But it was her bust that drew the most attention and became a part of her legacy. In fact, she went to the Menard County Circuit Court in Petersburg in 1953 to have her name changed to Evelyn “$50,000 Treasure Chest” West.
“Evelyn is the girl generally credited with making burlesque bust-conscious,” wrote Lou Felice, a writer for Sir!, a men’s magazine from the 1950s. “Before she entered the strip picture, burlesque movements emphasized a sexy walk with the bumps and grinds. Relatively little importance had been attached to an eye-stopping bosom.”
As West’s fame increased, she began to market her wares. “The Post Office Department banned her pin-up pictures from the mails,” Felice wrote. “Postal examiners ruled that 22 of her photos, which were advertised for sale at one dollar, had a ‘lewd’ aspect. They also charged that other pictures of Miss West were being offered at rates that went up as the exposure increased. This is probably the first time a dancer has been accused of performing a striptease by mail.”
West starred in a “A Night at the Follies,” an hour-long black-and-white movie, apparently filmed shortly after the end of World War II, although the video box says 1956. Coming out in a skimpy dress and a fur, she opened by saying: “I know you’re looking at my shoes.”
By the 1950s, West had married Al Charles, the club promoter, and the two found their way to St. Louis and the Stardust Club on the old DeBaliviere Strip.
The DeBaliviere area had as many as five strip clubs — including the Stardust, Tic-Toc and Little Las Vegas — the Apollo Theater, bookie and gambling joints, and a famous old Garavelli’s restaurant. They are all gone now. The old strip district is now a strip mall.
Police raids and arrests were frequent occurrences on the strip, and West was occasionally taken to the pokey. Her longtime bondsman, Bob Block, said they never put her in a holdover. “We went to a judge and got the bond. I got her out six or eight times,” said Block.
Even given the numerous police raids, former Deputy Police Chief James Hackett, a St. Louis police legend, admired West’s moxie and her moves. He once called her “the Babe Ruth of stripteasing.”
The Stardust Club thrived in the ’60s, when hundreds of young men flocked to see West and a bevy of other dancers entertain in pasties and g-strings.
Rodney Dangerfield performed there once. Briefly. Pete Johnstone, then a drummer at the Stardust and now a jeweler in Crestwood, remembers it this way: “Al Charles was operating the green spotlight, and Dangerfield said, ‘The green spotlight makes me look dead.’ And Charles said, ‘Why don’t you take your junk and get out of here?'”
The Stardust remained open until 1977, but business had fallen off well before then. West and Charles left St. Louis in 1977, with the headline reading: “Stardust’s End Brings Strip Down To Nothing.” The club had been declared a “bawdy house,” and St. Louis Circuit Judge Gary M. Gaertner ordered it padlocked. Charles later admitted that the club was used for prostitution.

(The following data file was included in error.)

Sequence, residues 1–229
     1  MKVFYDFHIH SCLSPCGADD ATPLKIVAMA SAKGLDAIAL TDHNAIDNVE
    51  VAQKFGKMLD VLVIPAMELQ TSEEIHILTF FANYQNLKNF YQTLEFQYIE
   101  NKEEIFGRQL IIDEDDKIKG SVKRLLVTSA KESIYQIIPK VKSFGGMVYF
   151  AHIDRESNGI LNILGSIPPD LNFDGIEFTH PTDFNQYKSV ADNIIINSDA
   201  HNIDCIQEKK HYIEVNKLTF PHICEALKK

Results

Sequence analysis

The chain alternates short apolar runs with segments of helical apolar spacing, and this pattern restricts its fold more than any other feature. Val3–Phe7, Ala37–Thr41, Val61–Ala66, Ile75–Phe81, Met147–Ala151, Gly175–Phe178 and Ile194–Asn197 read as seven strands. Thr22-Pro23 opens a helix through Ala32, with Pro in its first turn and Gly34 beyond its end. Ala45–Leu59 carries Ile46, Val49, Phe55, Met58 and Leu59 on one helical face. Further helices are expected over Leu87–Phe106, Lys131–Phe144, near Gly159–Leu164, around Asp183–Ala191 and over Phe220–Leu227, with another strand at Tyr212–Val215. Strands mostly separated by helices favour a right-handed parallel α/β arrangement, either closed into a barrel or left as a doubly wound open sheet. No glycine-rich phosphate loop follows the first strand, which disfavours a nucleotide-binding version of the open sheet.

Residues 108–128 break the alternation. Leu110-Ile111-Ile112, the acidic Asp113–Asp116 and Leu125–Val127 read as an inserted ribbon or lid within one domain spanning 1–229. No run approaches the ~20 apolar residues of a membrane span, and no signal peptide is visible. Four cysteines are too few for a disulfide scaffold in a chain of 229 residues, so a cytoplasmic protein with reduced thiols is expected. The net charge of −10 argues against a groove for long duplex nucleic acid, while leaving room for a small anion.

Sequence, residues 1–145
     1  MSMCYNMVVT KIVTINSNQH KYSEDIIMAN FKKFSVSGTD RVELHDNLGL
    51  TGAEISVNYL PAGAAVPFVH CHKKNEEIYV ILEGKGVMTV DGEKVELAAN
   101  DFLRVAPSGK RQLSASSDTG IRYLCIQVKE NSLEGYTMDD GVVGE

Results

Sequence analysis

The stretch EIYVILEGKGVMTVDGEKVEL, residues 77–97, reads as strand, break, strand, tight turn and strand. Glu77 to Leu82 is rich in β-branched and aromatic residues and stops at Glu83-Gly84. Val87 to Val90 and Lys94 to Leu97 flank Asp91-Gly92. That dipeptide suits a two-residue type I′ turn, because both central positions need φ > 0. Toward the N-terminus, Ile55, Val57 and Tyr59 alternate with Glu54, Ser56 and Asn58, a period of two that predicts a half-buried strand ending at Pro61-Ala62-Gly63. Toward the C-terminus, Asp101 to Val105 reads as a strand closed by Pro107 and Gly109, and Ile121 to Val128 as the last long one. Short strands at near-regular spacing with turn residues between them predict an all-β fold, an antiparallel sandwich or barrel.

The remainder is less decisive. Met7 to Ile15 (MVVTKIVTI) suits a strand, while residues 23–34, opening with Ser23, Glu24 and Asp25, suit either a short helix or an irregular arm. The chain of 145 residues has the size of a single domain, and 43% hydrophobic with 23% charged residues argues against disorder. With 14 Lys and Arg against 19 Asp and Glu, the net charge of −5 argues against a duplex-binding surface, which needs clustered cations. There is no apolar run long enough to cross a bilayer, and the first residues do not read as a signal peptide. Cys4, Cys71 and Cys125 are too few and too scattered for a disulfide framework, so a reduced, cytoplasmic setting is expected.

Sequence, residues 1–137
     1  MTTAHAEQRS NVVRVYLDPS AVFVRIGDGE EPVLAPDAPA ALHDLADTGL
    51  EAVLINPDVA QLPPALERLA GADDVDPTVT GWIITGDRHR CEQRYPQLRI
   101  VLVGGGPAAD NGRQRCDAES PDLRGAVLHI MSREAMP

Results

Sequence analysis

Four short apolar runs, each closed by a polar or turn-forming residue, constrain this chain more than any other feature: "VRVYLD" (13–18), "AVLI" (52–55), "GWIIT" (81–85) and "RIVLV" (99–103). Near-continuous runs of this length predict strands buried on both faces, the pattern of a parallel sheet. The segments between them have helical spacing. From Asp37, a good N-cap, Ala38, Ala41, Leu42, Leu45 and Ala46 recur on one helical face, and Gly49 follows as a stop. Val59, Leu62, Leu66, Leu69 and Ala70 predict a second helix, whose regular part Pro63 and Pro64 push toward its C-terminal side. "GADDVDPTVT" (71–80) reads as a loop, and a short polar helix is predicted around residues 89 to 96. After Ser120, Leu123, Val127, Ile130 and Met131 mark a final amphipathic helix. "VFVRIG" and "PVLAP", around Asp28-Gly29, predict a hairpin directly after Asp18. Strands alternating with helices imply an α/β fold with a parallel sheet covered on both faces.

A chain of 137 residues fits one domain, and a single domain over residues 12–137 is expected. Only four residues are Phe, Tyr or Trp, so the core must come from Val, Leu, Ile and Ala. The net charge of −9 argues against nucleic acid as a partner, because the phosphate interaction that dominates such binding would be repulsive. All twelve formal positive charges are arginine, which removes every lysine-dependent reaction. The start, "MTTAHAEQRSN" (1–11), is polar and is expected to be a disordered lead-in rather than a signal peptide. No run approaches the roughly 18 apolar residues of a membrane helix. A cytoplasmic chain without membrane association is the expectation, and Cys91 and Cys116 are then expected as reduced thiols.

(An ironic footnote: The judge acted on a complaint filed by Circuit Attorney George Peach. In April 1992, after 16 years as a vigorous opponent of prostitution and pornography, Peach was arrested at a hotel near Lambert Field after offering a woman he thought was a prostitute $150 for sex. She was a St. Louis County decoy detective.)
West and Charles moved to Florida, and West gradually retired from the stage. After Charles died at age 95 in 2001, acquaintances said, West led a rather reclusive life. But she kept in touch with old friends in the burlesque business through e-mail. Among them was Eugene Hanlon of Tampa, whose wife was a stripper named “Candy Baby” Caramelo. It was he who called the Hollywood police when he hadn’t heard from West for several days.
“The last time I talked to her on the phone, she said, ‘I’m pooped,’ and that was the last I heard from her,” said Hanlon.
A Vietnam War veteran, named Terry Klasek had caught West’s act many times in his youth and established a brief online relationship with West the months before her death. The two exchanged memories. Klasek sent her some brassieres (size 42D); she sent back pictures and warm thoughts.
West wanted to know what had become of the DeBaliviere Strip. She said she still kept up with the Cardinals and told Klasek, “You are tops on my list!”
Now Klasek has only his pictures and his memories.
“I learned that all fame is fleeting as I mourn my friend,” Klasek wrote in an e-mail to STLtoday after West’s death. “The end of an era for sure.”
Or as her Florida landlady, Muriel Kirschner, said: “I have to tell you, she was a beautiful woman. The strip-geezers were right — she was quite an attraction.”